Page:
Describe a container (platform/tool/etc.) you use often to create, share, or look at content in terms of affordances, perceived affordances and perhaps too signifiers, constraints, mappings, feedback, and conceptual models.
I often use the Ableton Live's drum rack instrument to make beats for my music. This tool affords the music producer flexible and robust ways to sequence and schedule either synthesized or sampled drum sounds. The rack can hold up to 128 different sounds to be triggered (either by human interaction or on a schedule), but I usually stick to 16, which can fit on one rack screen.
Most sounds can be configured to play as a "one shot" or as a loop (if you continue triggering it with a keyboard or MIDI controller). Individual sounds in the rack can be muted or set to "solo" mode (which mutes everything which is not also in "solo" mode). Synthesized sounds come with their own bespoke synth parameters (shown above), while sampled sounds can be configured with some common sampler parameters (envelope, tuning, etc; shown below).
Each sound can have Ableton effects applied to it individually, or you can also add effects to the overall drum rack. Of course, this instrument integrates with Ableton's metronome and clock system
I usually use a MIDI controller called Ableton Push to work with this software. While the affordances, signifiers, and constraints of the software instrument are very powerful and well thought-out, the keyboard interface leaves much to be desired in terms of feedback and control mapping. The drum sequencer on the Push provides a fluid interface on its 64 pads which allow for both sequencing and finger drumming.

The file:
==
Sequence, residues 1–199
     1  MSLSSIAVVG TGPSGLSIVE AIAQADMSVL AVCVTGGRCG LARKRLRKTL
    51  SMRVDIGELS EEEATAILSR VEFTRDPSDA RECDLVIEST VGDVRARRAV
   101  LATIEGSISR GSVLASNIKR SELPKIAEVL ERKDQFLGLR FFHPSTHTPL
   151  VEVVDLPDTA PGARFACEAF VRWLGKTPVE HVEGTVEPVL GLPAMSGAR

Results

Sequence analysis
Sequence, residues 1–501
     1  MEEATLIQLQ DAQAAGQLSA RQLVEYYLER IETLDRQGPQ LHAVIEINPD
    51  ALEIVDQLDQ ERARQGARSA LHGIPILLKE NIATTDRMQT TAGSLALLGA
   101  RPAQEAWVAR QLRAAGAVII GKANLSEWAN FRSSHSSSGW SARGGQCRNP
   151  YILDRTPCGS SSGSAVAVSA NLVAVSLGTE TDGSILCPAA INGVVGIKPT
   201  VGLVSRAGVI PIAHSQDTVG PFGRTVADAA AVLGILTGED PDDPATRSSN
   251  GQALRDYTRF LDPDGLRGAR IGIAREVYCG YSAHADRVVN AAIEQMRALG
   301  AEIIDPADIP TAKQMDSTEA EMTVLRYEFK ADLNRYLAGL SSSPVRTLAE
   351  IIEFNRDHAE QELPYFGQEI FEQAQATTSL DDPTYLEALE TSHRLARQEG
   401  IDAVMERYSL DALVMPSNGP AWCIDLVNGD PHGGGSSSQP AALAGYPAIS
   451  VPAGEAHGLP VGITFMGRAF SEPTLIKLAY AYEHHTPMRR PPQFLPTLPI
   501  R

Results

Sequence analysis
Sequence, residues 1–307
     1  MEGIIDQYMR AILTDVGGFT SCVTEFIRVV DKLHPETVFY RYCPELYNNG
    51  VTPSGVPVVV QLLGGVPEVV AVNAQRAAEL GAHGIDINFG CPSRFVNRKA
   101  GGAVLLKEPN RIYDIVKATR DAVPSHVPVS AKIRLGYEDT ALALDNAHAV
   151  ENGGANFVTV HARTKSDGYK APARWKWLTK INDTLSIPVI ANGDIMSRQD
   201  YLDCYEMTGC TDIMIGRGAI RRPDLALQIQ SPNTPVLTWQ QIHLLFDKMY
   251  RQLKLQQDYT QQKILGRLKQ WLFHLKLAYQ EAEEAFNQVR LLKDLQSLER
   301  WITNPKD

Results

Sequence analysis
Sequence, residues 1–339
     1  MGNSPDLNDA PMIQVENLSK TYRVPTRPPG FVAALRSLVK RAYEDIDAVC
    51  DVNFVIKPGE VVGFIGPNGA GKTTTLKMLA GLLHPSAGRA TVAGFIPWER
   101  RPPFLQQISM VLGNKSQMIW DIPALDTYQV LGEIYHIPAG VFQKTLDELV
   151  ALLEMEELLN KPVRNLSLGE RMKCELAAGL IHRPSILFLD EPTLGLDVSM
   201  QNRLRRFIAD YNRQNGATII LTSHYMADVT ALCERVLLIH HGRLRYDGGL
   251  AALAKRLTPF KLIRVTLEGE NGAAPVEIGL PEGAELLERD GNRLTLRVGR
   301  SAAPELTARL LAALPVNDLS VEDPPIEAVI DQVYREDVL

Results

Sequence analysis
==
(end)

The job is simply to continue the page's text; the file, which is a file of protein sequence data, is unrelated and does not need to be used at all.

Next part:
Identify a piece of "good content" made for/with that container. How does it leverage the affordances of its container?
I made a piece earlier this year where I leveraged a lot of the drum rack's affordances. I used both sample- and synth-based drum sounds, I applied effects to drum racks overall (for example, the Glue compressor and FF Timeless reverb filter) and to individual sounds. I used Ableton automation to adjust some of the sound parameters over time in the arrangement (I programmed the automation using the Push's repeat note function and turning some of the dials while the track was playing/recording).
The container I'd like to work with in this class is Weird Type, an AR application for iOS designed by Zach Lieberman. The app is relatively simple; it lets you paint words in space using your iPhone camera. I think it provides some unique artistic constraints and it combines my interests of mobile photography & typography.
Some notes from my initial idea brainstorming:
Weird Type AR app by Zach Lieberman
Magenta.js research project with JS implementations of note-based machine learning music models